James E. Garcia

James E. Garcia

James E. Garcia is a Phoenix-based journalist, playwright and communications consultant. As a journalist, he has worked as a reporter, columnist, editor and foreign correspondent. He was the first Latino Affairs correspondent for KJZZ, and the first Latino editor of a major progressive news weekly in the U.S., The San Antonio Current. James has taught creative and non-fiction writing, ethnic studies, theater, literature and Latino politics at ASU. The founder and producing artistic director of New Carpa Theater Co., James is the author of more than 30 plays, including the upcoming “The Two Souls of Cesar Chavez.”


Here’s the real state of the union

By: - March 2, 2022

Listening to President Biden Tuesday night, I wasn’t so much waiting to see if he’d make news as much as I was hoping he’d say something — anything — that wasn’t aimed at helping the Democrats win the November’s midterm elections. Without that win, the president’s agenda could be stopped in its tracks. It’s not […]


What do we care if Putin invades Ukraine? What if we don’t?

By: - February 18, 2022

“War, children It’s just a shot away. It’s just a shot away.” — Rolling Stones The invasion of Ukraine by Russia, and the ensuing and needless slaughter of thousands of soldiers and civilians, seems all but inevitable now. “So, what do I care?” some of us may be asking ourselves. “It’s not our fight.” I […]


Census undercount and a biased redistricting process may curb AZ Latinos’ growing political clout

By: - February 4, 2022

It wasn’t so long ago that Latino leaders in Arizona were predicting the community was poised to make major strides in growing its political influence across the state.  Most observers thought the results of the 2020 Census would show the state’s Latino population wasn’t just growing fast, but also becoming a bigger share of Arizona’s […]


Sens. Sinema and Manchin, are these daggers I see before you?

By: - January 19, 2022

Senate Democrats this week, 48 out of 50 of them at least, are set to vote on a bill aimed at crippling the Republicans’ now full-bore assault on voting rights in America. But the Democrats, 48 out of 50 of them, will almost certainly fail to rally the backing they need to pass the measure. […]


FDR’s back, and he’s got something to say about another ‘date which will live in infamy’

By: - January 6, 2022

In a world of fantastical conspiracies and alternate political universes, the ghost of President Franklin D. Roosevelt returned today to mark the first anniversary of the Jan. 6 assault on the Capitol with a fresh take on speech to Congress 80 years ago about the infamous attack on the Pacific fleet at Pearl Harbor.  Let’s […]


‘Redistricting’ may sound boring, but what if I told you the future of our democracy is at stake

By: - December 31, 2021

The outcome of the so-called redistricting process well underway across the nation promises to have a profound effect on the lives of most Americans for at least the next 10 years.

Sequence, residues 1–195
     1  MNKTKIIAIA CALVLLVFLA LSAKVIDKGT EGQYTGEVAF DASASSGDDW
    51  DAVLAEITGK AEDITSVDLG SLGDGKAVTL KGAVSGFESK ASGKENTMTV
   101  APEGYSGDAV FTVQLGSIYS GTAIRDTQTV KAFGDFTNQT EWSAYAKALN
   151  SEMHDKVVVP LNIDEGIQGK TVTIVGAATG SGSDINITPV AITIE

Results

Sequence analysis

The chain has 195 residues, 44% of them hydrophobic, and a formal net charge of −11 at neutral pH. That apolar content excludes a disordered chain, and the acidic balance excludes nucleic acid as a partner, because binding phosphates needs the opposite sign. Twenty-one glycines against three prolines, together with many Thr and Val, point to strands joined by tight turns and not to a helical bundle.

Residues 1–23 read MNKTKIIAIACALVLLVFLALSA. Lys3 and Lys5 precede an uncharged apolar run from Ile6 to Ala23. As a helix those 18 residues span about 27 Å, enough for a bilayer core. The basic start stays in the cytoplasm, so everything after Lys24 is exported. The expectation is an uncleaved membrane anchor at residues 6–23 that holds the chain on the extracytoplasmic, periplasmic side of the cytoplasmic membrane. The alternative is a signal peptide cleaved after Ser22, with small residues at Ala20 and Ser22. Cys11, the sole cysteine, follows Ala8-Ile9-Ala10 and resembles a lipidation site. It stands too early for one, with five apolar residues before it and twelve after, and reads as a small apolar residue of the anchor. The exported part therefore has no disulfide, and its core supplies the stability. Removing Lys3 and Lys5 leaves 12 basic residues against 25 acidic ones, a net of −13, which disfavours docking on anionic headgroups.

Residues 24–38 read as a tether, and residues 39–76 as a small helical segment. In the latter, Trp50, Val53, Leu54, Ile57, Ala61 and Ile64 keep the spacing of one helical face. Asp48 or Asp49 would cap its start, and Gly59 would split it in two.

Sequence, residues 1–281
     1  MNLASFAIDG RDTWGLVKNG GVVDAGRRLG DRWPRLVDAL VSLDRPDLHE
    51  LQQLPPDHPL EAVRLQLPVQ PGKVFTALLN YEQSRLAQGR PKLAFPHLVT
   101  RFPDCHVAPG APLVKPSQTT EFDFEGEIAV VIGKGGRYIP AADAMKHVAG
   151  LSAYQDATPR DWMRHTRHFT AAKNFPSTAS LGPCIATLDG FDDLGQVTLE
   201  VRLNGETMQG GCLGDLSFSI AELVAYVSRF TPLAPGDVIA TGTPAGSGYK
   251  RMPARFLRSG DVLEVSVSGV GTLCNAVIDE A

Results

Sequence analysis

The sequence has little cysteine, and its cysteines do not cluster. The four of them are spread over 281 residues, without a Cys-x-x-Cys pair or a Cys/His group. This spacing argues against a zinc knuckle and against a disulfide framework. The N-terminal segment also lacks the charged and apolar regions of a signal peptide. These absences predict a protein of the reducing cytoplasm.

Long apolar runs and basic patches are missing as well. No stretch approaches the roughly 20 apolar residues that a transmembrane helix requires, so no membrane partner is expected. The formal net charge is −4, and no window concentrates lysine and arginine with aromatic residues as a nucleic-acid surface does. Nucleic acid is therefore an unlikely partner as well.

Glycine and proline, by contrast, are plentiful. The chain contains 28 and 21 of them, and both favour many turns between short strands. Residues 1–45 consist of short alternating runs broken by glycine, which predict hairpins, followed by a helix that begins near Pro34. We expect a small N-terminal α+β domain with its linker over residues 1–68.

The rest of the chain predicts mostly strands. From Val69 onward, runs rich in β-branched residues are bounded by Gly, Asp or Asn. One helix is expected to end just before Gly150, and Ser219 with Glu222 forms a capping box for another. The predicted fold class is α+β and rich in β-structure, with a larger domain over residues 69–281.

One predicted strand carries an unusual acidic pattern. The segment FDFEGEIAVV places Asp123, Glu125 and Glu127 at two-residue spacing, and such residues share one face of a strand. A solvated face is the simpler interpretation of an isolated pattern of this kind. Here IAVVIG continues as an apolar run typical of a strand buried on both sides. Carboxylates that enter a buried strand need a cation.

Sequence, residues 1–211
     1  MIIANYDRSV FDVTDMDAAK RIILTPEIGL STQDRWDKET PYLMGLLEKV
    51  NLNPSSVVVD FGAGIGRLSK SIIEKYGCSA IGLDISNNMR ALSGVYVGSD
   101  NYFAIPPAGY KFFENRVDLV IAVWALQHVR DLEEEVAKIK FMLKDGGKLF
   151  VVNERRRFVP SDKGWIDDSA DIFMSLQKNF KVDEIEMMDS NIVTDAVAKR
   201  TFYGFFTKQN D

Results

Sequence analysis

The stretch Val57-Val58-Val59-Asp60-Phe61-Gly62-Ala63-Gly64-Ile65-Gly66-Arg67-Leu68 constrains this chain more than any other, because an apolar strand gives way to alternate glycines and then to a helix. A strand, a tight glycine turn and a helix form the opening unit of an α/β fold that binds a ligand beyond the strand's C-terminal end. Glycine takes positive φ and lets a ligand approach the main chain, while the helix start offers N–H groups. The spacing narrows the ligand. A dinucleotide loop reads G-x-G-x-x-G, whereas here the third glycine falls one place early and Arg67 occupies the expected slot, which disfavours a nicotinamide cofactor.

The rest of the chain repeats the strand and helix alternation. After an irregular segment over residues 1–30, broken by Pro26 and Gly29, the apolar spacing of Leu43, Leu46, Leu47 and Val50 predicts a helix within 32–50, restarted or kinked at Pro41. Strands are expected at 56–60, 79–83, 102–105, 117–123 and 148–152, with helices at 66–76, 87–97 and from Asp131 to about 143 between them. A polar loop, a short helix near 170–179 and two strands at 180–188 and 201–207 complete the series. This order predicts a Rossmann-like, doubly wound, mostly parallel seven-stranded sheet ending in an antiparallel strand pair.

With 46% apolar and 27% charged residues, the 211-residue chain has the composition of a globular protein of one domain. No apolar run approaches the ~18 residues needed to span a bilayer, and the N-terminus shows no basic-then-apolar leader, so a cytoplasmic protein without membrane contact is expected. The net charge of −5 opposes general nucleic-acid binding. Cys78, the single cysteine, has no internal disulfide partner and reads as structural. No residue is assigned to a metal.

Katie Hobbs

Amid our country’s racial reckoning, Katie Hobbs’ apology may be too little, too late

By: - December 9, 2021

I admit it. I’m disappointed that Secretary of State Katie Hobbs’ campaign to become Arizona’s next governor seems now to have all but imploded. Not that I had already decided to vote for her. I know better than to make a decision as important as that a year out from Election Day. The fate of […]


How what many labeled a quixotic recall movement led to the ouster of Arizona’s most powerful politician

By: - November 26, 2021

One of the great stories in Arizona politics involves the recall 10 years ago this month of then-Republican Senate President Russell Pearce, the far-right author of the single most anti-immigrant bill in modern U.S. history, Senate Bill 1070. More commonly known as the “show us your papers” law, its passage wreaked terror in the immigrant […]

Paul Gosar

Meet ‘Paul Gosar the Titan slayer,’ Arizona’s white nationalist icon

By: - November 11, 2021

Congressman Ruben Gallego got it right when he recently described his House colleague, Paul Gosar, as “Just an awful human being.” Gallego was commenting on the news that Gosar had posted an altered anime video of himself on Twitter, which he’s since removed, that depicted him executing Rep. Alexandria Ocasio-Cortez, D-NY, by slashing the back […]


Today’s ‘civil war’ is an attack on the rule of law

By: - October 28, 2021

There is a civil war underway in America. It’s not the same sort of war we fought more than 150 years ago, when Americans took sides on whether slavery was good or evil, donned blue and gray uniforms, then  slaughtered each other on the battlefield. This is a war that’s happening in slow-motion, a largely […]


‘Driving While Brown’ and Arizona’s ‘Latino resistance’

By: - October 19, 2021

Every great drama has a villain and a hero. The trouble with recounting the drama surrounding Arizona’s decades-long cultural and political clashes over immigration is that there have been so many villains and heroes it’s hard to know where to start. In that case, you do what Terry Greene Sterling and Jude Joffe-Block did: you […]

Kyrsten Sinema

Kyrsten Sinema is no John McCain, try as she might

By: - October 1, 2021

I’ve held off on criticizing Sen. Kyrsten Sinema since she entered office in 2018 largely because I’ve always agreed with her on one key point: a bipartisan approach to solving our country’s biggest problems is generally a good thing. The way I see it, our elected officials should wake up every morning and ask not […]